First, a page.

There are lots of fun books for future space explorers. Here are two that fell into my book basket recently.
by Raman Prinja; illus. by John Hersey
36 pages; 8-12 years
Carlton Kids, 2016
theme: nonfiction, space
Look around you. Wherever you are, whoever you are, you are on planet Earth.
Above earth is an atmosphere, and beyond that the space station and the moon, the sun, 8 planets, an asteroid belt, supernovas, more galaxies until you reach... the edge of the known universe.
What I like about this book: The pages are connected in a long, long, long (14-foot long) mural that takes you from the earth's surface to the edge of the universe. On the reverse side are facts, graphs, charts, constellations... answers to the questions you'll be asking as you explore the universe.
I also love the interaction required for this book. You can unfold the entire mural - indeed, you could (if you want to) cut it off the cover and tape it to the wall. It's just plain fun.
by Carron Brown; illus. by Bee Johnson
36 pages, ages 4-8
Kane Miller, 2016
Take a trip in a rocket and zoom far from our planet to visit the astronauts who live and work in a space station.
This book begins with the astronauts boarding the rocket that will take them to the space station. Once there they are busy with work and eating, exercising, and sleeping. After six months, they return to earth.
What I like: This book is also interactive; each page holds a secret. Hold the page up to the light, or shine a flashlight behind the page and the secret is revealed. It might be something simple, like what happens to a bag of candy when it's opened. Turn the page to read more.
Beyond the books:
Make a map ~ get a large piece of paper and make a map of the universe. Maybe it will be the sort of map you can use to help you find your way when you take off on an adventure.
Check out what's at the edge of the universe in this PBS video and what happens if you go there.
Explore the planets at this NASA page.
Learn how astronauts sleep in space with this video by Astronaut Chris Hadfield. Now create your very own space station sleeping pod.
Today is Perfect Picture Book Friday, an event in which bloggers share great
picture books at Susanna Leonard Hill's site. She keeps an ever-growing list of
Perfect Picture Books.We're also joining the STEM Friday roundup. Drop by STEM Friday blog for more science books and
resources. Review copies provided by publishers.
Friday, January 20, 2017
Wednesday, January 18, 2017
|Frozen bubble (CC use by Max Pixel)|
Can you freeze a bubble? Sure. All you need is some heavy-duty winter-weather bubble mix and a wand or large straw. And a day when the temperatures dip below freezing. Here's one recipe for bubble mix:
- 3 cups water
- 1 cup liquid dish-washing detergent
- 1/2 cup white corn syrup
Head out and try blowing bubbles. Sometimes they will freeze in the air. If that doesn't work, coat a porch railing with a bit of soap solution and then blow a bubble on top of that. Or blow a bubble and attach it to pine needles or winter weeds.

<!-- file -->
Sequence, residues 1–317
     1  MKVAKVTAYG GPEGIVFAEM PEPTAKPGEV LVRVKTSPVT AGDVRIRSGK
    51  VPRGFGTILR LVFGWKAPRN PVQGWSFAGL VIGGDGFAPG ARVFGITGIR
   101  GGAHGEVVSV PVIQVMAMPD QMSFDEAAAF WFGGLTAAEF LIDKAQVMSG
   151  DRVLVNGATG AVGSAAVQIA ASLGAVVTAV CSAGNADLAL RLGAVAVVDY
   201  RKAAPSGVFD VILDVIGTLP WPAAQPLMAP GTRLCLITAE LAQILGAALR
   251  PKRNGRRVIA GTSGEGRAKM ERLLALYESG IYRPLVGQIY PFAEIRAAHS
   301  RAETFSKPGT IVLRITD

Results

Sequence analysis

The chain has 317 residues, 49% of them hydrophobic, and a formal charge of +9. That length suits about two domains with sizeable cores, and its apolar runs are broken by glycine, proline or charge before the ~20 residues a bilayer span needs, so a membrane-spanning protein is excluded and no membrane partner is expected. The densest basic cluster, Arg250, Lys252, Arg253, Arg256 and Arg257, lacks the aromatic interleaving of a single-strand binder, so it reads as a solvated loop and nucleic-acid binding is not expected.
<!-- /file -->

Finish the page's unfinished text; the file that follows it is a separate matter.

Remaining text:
As the bubbles freeze, it looks like bits of frost or snowflakes are forming and growing. What's happening is that the soap bubble is made up of three layers: a thin layer of water molecules squished between two layers of soap. The water layer freezes first, and at lower temperatures than the soap layer.
More Things to Do
- Make bubbles using bubble mix that has been cooled in a refrigerator for 15 minutes or so, and compare with bubbles made using room-temperature mix.
- Try adding sugar to some mix. Does it help bubbles form faster?
- Poke a frozen bubble. What happens?
- Try to take photos or videos of your bubbles
- Compare bubbles made with a straw versus those made with a wand.
- What happens if you put a drop of food coloring in the mix?
- Try capturing a bubble and putting it in the freezer
Friday, January 13, 2017
by Bill Martin & Michael Sampson; illus. by Melissa Sweet
40 pages; ages 4-8
Simon & Schuster Kids, 2016
themes: animals, nonfiction
In the morning, Mommy gives us wake up kisses and says, "Good morning, little one. Can you hear the sounds of our world?"
Through the pages we visit different habitats and listen to the animals that live there: monkeys, parrots, gila monsters. Sometimes the sounds we hear are calls and songs, sometimes they are the clicks and thumps of movement.
Beyond the Book
Go on a listening hike. What sorts of noises so the animals in your neighborhood make? Go for a walk and... listen to the birds, cats, dogs, people, even the flies trapped inside on a winter day. Write down the sounds they make - or try to record them. Can you imitate their sounds?
Make some art! Use bits of left-over holiday wrapping paper and cards to create some animal collages of your own.
Listen to whale sounds here. You can learn more about Penguins and listen to their sounds here.
Wednesday, January 11, 2017
Welcome to a new year! This year I'm doing something new with my Wednesday page; I'm turning it into an "explorer's club". That means you'll find different things here each week. I'll continue with occasional five-minute-field trips and "wordless Wednesday" photos, but be open to adventure. Be prepared to meet a "bug of the month", and every now and then I'll challenge you to "look closer".
For this week - check out the sky above you. I'm not sure why, but I think our winter sky has a different look that the summer sky: not as soft. Maybe it's the cold air... If you have a camera, take photos of your sky from one particular place - maybe once a week, or a couple times a month. Who knows what you might discover.